When the former Waldorf Hotel, also known as the Merwyn, reopened as affordable apartments this spring in downtown Astoria, it was the first time in a long time that people outnumbered pigeons in the historic building.
The hotel, sandwiched between City Hall and the Astoria Library, has been vacant for years. A deteriorating eyesore, the building faced the threat of demolition several times.
Now, it’s taking on new life as housing geared at the North Coast’s workforce.
The renovated apartment complex offers 40 units, most of them studios and most of them set at low monthly rents, reserved for people and households living off limited incomes. Only four units will rent at market rates.
Affordable housing is in increasingly short supply on the North Coast where rents have skyrocketed in the past decade. The tourism industry — and the often lower wage jobs found in the hospitality and service sectors — continue to dominate the local economy.
But if the Merwyn represents what can be accomplished when certain groups work together, it is also a reminder of just how difficult such undertakings can be.
“So many things had to go right for this project to come to fruition,” said Sarah Lu Heath, the former executive director for the Astoria Downtown Historic District Association. “Definitely in the beginning people were not shy to say how impossible this was.”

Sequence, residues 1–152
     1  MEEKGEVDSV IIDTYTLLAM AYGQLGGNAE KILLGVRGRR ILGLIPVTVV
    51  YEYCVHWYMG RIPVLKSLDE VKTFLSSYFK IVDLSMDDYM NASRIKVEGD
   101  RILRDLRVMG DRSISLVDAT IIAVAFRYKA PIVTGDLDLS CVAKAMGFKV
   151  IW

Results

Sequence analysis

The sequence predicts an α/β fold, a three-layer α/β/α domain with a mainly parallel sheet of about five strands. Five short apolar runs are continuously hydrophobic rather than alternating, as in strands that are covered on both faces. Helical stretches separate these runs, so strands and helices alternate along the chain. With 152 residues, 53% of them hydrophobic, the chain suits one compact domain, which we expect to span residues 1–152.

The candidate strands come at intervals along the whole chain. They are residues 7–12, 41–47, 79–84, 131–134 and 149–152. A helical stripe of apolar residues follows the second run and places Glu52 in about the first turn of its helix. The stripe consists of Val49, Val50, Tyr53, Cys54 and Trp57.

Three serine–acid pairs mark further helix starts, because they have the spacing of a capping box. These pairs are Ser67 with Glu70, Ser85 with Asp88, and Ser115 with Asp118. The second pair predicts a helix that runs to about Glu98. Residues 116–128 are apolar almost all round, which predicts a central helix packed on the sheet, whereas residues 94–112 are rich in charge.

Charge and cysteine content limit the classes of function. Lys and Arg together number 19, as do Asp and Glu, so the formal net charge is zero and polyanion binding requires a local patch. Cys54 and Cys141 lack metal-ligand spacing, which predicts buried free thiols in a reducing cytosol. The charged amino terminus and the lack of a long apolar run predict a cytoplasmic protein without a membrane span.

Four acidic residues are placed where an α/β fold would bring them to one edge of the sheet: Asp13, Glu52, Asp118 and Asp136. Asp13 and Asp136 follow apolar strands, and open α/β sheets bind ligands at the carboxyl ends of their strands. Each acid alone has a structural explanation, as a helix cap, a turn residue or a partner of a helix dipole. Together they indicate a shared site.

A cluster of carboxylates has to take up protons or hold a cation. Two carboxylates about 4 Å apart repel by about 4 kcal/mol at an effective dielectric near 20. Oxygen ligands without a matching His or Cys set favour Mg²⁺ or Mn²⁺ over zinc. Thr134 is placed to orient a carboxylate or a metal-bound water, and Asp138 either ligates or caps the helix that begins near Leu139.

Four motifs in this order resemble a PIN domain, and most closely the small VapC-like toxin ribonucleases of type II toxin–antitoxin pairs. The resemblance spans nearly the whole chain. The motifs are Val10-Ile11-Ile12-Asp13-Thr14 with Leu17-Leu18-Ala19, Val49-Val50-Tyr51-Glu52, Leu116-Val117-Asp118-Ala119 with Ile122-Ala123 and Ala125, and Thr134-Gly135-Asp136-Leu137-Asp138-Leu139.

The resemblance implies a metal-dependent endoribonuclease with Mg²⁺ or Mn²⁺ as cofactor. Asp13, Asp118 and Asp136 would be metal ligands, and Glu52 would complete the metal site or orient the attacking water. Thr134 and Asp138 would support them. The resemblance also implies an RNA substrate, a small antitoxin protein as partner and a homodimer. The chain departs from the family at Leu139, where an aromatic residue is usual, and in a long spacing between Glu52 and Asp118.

‘Save the Merwyn’
Almost from the time she began her job as the downtown association’s director in 2016, the Merwyn was on Heath’s radar.
She remembers sitting in a bar one night — the Voodoo Room on Marine Drive, she thinks — getting to know people. She had just started her new job.
She wanted to know what was at the top of people’s minds for things they wanted to be addressed downtown.
“If you were in my shoes,” she asked a group that included local historians and preservationists, “what would you do?”
The Merwyn, they said.
“As I dug more into it, it really struck me that it sat between City Hall and the library and had been empty for decades,” she said.
The Merwyn opened in 1926 and operated as a hotel for years across several owners. It was converted into affordable housing in 1980 and was known for a time as the Waldorf Hotel, after a late-in-life rebranding.
According to state and city records, the hotel closed for good in 1989 due to safety concerns. For the next two decades, it remained abandoned.
Eventually people began to talk about tearing it down.
The hotel seemed to be seen as “an impediment to (the city’s) efforts to expand the adjacent Astor Library, both in programs and in space,” wrote Doug Thompson, board president of the Lower Columbia Preservation Society, in the society’s April 2015 newsletter.
An initial effort to demolish the building stalled. When the city and building owners renewed conversations about tearing it down, they encountered a volunteer campaign to save the historic building.
The “Save the Merwyn” campaign succeeded, but, as Thompson noted in 2015, this wasn’t the end.
Their success instead placed them at a sort of crossroads. A number of challenges loomed ahead.
The building was saved but not restored. Discussions about a possible library renovation or relocation would continue for several more years. Meanwhile, the ultimate fate and potential purpose of the Merwyn was still unknown.
Community members wondered: What developer or organization would be able or even interested in tackling such a big and costly challenge?
Enter Innovative Housing Inc., a nonprofit based in Portland with a record of fixing up older buildings and turning them into successful affordable housing.